CERN points giant magnet at the Sun to look for dark matter particlesThat blue tube contains a magnet similar to the ones used to steer particles around the LHC.
With the identification of the Higgs boson at CERN’s Large Hadron Collider, scientists put the last piece of the Standard Model of physics in place. What they haven’t found is any hint of something beyond the Standard Model.

And that hasn’t been for lack of trying.
Supersymmetry, the most popular extension to the Standard Model, predicts a large collection of additional particles. We’ve looked for them and, so far, they have not shown up.
But some extensions of the Standard Model don’t predict the sorts of heavy particles that the LHC is designed to identify.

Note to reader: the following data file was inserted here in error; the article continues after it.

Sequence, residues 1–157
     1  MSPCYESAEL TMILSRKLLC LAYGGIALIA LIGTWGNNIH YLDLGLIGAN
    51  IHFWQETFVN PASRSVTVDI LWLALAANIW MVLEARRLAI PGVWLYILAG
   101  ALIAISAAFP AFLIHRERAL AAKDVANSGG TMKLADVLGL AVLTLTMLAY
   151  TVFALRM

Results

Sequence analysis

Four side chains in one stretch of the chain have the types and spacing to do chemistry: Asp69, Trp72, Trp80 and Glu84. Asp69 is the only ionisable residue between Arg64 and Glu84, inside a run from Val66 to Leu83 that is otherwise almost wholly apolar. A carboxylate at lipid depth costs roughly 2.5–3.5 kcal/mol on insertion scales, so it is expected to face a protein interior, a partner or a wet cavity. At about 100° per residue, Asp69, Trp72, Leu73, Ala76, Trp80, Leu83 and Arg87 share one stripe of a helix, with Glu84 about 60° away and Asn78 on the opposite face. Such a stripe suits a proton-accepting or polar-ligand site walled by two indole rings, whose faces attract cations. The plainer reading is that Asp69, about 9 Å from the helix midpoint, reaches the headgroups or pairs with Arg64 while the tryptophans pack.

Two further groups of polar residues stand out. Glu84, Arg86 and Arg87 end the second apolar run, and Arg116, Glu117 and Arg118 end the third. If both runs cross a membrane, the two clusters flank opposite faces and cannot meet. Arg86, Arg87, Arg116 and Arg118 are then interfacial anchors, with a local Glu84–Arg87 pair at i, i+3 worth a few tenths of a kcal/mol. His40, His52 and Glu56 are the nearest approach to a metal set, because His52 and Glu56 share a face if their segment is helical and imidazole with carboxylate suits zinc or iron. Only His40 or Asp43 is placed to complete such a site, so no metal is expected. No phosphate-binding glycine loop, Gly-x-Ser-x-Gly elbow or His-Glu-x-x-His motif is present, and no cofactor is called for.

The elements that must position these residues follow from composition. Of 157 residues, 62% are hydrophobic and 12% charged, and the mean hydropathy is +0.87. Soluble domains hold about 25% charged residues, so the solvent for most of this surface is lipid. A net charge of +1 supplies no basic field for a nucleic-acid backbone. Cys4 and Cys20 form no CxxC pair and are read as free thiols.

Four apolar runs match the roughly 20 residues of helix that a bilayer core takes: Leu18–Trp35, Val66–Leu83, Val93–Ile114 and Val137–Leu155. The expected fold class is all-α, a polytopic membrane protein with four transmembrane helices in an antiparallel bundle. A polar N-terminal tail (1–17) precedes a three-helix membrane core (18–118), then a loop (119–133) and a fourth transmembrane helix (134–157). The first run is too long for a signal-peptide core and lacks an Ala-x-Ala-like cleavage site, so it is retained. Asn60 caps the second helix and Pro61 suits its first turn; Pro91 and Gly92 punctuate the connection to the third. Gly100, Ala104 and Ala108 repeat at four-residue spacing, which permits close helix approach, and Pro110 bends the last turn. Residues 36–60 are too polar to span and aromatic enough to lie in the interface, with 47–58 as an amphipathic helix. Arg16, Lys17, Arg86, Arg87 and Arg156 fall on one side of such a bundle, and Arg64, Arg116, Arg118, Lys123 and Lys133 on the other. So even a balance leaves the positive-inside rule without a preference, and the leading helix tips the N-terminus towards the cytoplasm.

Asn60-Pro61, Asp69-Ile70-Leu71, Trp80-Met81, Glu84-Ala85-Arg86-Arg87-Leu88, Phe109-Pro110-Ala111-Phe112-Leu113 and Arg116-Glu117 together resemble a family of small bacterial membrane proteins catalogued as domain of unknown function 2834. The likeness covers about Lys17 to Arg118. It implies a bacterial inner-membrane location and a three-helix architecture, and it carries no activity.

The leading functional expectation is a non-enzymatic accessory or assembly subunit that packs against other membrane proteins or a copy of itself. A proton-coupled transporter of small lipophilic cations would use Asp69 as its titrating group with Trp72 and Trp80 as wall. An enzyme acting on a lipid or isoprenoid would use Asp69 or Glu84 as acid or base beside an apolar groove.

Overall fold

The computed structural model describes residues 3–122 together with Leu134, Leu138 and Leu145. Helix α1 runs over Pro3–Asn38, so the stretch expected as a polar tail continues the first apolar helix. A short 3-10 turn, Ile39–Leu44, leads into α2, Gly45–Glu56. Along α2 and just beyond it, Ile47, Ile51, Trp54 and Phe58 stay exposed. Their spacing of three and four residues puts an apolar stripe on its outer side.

Instead, they suggest there’s a very light force-carrying particle called an axion. With the right properties, an axion could solve issues in everything from particle interactions up to the scale of galaxy clusters.

But its tiny mass and odd behavior means it won’t be detected in the LHC.
But that doesn’t mean the LHC’s hardware can’t find it.

Clever engineers at CERN took magnets originally designed for the LHC, combined them with X-ray focusing technology originally designed for space, and built a device that could spot axions arriving here from the Sun.
So far, it has seen no sign of them, which places some strict limits on the properties of these hypothetical particles.
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